There is little doubt that Southeast Asia as a region, and the five countries that we covered in this project, are embracing the transformative promise of data and AI. Most of that anticipation is focused on the utility of technology to extend the trajectory of economic development into the digital space. This is evident in the many national policies and strategies of Southeast Asian countries, as well as in the forward-leaning masterplans and blueprints of the Association of Southeast Asian Nations (ASEAN) as a group.
It is not just governments that are excited about digitalizing the region; the upbeat sentiment is also shared by the private sector and the people of Southeast Asia. The technology industry’s vote of confidence is reflected in large, long-term capital investments in and around the region, from submarine cables for faster data transfers, to data centers for even greater cloud storage capacity. Among the public, Southeast Asia’s strong e-commerce performance, even during the pandemic, is testament to how bullish consumers are about the future of the digital economy.
This project sought to push the envelope in thinking about the data-driven environment in Southeast Asia. In mapping the aspirations of five regional countries, we question what the end goal of data-driven optimization is and what it might be instead. We urge a reframing of the utility of data and artificial intelligence (AI) so that there is deeper consideration of the values underpinning buzzwords like an “inclusive digital economy” or “ethical AI.” We also invite deliberation on whether there are uniquely Southeast Asian values and viewpoints that countries can bring to the table in international discussions on technological rule-setting.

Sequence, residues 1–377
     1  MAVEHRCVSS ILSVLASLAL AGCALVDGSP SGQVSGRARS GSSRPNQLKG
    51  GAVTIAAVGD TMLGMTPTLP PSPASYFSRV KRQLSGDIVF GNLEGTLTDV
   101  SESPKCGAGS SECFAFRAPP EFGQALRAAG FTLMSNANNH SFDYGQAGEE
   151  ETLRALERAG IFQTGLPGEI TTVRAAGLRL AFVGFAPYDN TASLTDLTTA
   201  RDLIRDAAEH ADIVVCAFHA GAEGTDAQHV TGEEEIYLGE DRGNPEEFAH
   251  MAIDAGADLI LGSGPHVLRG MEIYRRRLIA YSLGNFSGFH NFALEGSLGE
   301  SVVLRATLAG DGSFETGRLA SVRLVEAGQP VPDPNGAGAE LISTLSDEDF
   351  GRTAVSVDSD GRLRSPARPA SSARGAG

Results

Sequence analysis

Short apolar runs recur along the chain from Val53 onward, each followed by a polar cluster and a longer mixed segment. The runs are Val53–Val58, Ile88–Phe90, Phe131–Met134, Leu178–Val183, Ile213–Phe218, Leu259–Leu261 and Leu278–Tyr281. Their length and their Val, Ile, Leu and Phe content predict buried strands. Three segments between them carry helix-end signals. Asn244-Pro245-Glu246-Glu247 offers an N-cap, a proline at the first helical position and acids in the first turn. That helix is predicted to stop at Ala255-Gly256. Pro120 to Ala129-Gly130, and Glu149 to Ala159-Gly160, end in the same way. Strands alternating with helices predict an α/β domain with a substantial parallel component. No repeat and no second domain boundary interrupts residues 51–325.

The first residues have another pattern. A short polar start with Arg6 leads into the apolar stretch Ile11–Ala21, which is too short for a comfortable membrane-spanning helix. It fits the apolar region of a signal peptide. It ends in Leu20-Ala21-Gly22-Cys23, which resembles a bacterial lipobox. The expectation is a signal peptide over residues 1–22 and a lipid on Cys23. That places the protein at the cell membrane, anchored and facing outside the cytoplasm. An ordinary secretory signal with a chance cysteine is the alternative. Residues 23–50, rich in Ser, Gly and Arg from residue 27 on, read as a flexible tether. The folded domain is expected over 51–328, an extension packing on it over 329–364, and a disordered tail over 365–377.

A relational rather than rational approach to technology, reflected in concepts like ubuntu among African scholars and scientists as well as buen vivir in Latin America, are already beginning to make their mark in conversations about inclusive data and the ethics of AI. We encourage Southeast Asian stakeholders to reflect similarly on their digital paths ahead and to look harder beyond conventional metrics of success.
Widening the aperture to include different knowledge systems and perspectives has profound policy implications. At the domestic level, it can enable Southeast Asian countries to ground their digital ambitions in their own, unique contexts, correcting structural inequities for a fairer and more accountable national vision. At the ASEAN level, it can help align a region-wide approach toward data and AI. At the same time, it can afford Southeast Asian nations the opportunity to carve agency and strategic autonomy as major power rivalry intensifies in the technological arena. Finally, at the international level, it can empower a distinctly Southeast Asian voice as standards, norms, and rules are being developed to govern the data-driven technologies that will shape the world.